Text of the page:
In 2009, all states conformed to nationally set standards for rabies vaccination; this extends the interval between rabies booster shots to at least once every three years with a USDA licensed vaccine and according to label recommendations. However, local laws in many cities, towns and counties still require annual rabies vaccine in order to be eligible for licenses and many pet services including grooming, boarding and travel.
Researchers believe the rabies vaccine causes adverse reactions in animals and concur that it should not be given more often than is necessary to maintain immunity. Adverse reactions to rabies vaccination can include autoimmune diseases affecting the thyroid, joints, blood, eyes, skin, kidney, liver, bowel and central nervous system; anaphylactic shock; fearfulness, aggression; seizures; epilepsy; and fibrosarcomas at injection sites.
The potential for negative side effects is even greater when an animal is in or has a physical condition that makes rabies vaccination or rabies booster shots risky.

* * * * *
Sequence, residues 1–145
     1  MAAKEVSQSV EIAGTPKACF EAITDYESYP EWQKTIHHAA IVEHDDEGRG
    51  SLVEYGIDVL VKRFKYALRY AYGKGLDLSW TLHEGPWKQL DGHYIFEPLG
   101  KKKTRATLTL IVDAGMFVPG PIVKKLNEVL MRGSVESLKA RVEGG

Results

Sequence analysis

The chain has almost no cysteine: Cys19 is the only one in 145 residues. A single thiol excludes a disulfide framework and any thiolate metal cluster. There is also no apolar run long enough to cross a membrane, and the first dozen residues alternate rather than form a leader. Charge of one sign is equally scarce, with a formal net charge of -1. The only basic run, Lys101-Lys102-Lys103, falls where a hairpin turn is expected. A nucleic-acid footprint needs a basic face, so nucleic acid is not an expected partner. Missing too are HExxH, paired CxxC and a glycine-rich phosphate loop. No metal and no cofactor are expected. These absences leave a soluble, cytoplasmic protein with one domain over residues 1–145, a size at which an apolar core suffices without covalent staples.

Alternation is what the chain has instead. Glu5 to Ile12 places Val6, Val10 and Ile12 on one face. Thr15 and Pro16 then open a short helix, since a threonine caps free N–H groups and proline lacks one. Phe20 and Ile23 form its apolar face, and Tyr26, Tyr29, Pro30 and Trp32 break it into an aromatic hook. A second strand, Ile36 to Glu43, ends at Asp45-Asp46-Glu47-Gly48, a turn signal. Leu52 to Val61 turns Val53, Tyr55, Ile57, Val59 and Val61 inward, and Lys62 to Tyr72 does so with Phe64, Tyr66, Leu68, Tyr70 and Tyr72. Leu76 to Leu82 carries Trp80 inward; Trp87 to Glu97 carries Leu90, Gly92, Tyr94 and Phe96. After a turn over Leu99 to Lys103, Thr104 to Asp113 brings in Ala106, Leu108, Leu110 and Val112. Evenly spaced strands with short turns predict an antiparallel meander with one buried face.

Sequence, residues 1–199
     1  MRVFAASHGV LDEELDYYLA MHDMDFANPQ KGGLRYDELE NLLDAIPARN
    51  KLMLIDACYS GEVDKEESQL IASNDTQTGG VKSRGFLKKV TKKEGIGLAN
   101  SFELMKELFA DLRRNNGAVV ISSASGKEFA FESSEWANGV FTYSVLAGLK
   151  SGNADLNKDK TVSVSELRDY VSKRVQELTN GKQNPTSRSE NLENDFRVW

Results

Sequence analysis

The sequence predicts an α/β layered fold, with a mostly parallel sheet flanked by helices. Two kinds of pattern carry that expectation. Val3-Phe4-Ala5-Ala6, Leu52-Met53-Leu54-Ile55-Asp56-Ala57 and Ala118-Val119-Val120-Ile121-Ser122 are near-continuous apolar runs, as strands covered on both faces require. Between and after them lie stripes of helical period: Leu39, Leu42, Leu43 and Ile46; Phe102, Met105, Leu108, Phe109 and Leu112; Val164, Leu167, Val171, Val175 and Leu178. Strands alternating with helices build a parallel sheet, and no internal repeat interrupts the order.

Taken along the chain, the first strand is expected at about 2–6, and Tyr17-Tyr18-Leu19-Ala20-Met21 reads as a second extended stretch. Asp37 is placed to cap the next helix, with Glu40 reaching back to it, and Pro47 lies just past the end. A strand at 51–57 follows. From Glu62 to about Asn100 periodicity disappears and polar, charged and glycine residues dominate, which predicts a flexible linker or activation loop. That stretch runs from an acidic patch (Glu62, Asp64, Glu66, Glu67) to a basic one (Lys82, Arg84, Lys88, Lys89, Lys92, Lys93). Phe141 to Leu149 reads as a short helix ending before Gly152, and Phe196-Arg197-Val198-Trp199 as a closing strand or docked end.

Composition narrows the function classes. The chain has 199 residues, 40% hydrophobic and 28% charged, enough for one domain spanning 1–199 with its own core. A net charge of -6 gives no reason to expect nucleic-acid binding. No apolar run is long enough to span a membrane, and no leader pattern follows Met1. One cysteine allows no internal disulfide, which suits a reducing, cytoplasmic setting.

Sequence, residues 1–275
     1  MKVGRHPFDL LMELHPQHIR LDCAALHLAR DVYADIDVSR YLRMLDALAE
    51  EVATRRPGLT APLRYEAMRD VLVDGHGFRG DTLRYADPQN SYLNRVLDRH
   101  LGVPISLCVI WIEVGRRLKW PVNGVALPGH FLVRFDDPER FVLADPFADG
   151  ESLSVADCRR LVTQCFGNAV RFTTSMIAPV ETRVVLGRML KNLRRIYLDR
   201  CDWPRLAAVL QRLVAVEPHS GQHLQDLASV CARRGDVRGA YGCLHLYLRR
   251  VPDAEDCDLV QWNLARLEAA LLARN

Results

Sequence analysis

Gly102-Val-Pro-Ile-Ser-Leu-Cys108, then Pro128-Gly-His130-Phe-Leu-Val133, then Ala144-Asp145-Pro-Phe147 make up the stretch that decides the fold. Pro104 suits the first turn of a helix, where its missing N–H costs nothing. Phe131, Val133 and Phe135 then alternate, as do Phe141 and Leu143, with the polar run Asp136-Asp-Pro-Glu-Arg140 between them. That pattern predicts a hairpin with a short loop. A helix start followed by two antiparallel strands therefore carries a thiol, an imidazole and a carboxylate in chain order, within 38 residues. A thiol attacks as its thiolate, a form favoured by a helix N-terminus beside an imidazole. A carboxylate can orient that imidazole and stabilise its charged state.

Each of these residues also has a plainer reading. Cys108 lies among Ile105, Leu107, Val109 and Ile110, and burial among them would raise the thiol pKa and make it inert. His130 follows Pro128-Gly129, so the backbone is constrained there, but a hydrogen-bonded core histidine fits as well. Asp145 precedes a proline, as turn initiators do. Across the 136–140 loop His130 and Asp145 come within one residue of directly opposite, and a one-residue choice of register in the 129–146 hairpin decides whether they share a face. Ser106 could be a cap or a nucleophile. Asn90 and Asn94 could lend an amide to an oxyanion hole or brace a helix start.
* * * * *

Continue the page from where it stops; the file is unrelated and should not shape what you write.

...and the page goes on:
Furthermore, the label recommendations on USDA licensed vaccines specifically advise patients who are immunosuppressed by disease or medications to postpone rabies vaccination or re-vaccination.
We believe that responsible pet owners should not be required by state or local rabies laws to subject a beloved dog or cat whose health is already compromised to an unnecessary and potentially life threatening medical procedure. Instead, it must provide citizens with a reasonable way to both protect the health of companion animals and also obey the law to protect public safety.
Sign the Petition to Grant a Medical Exemption from Rabies Shots for Sick and Senior Pets
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So why do these outdated rabies laws exist? Why is no allowance made for family pets that are especially vulnerable to adverse reactions - the pregnant, aged, ailing, allergic animals in the care of a licensed veterinarian?
Read all about it here. Know before you go to your veterinarian for any service or procedure the danger of rabies vaccine to dogs and cats.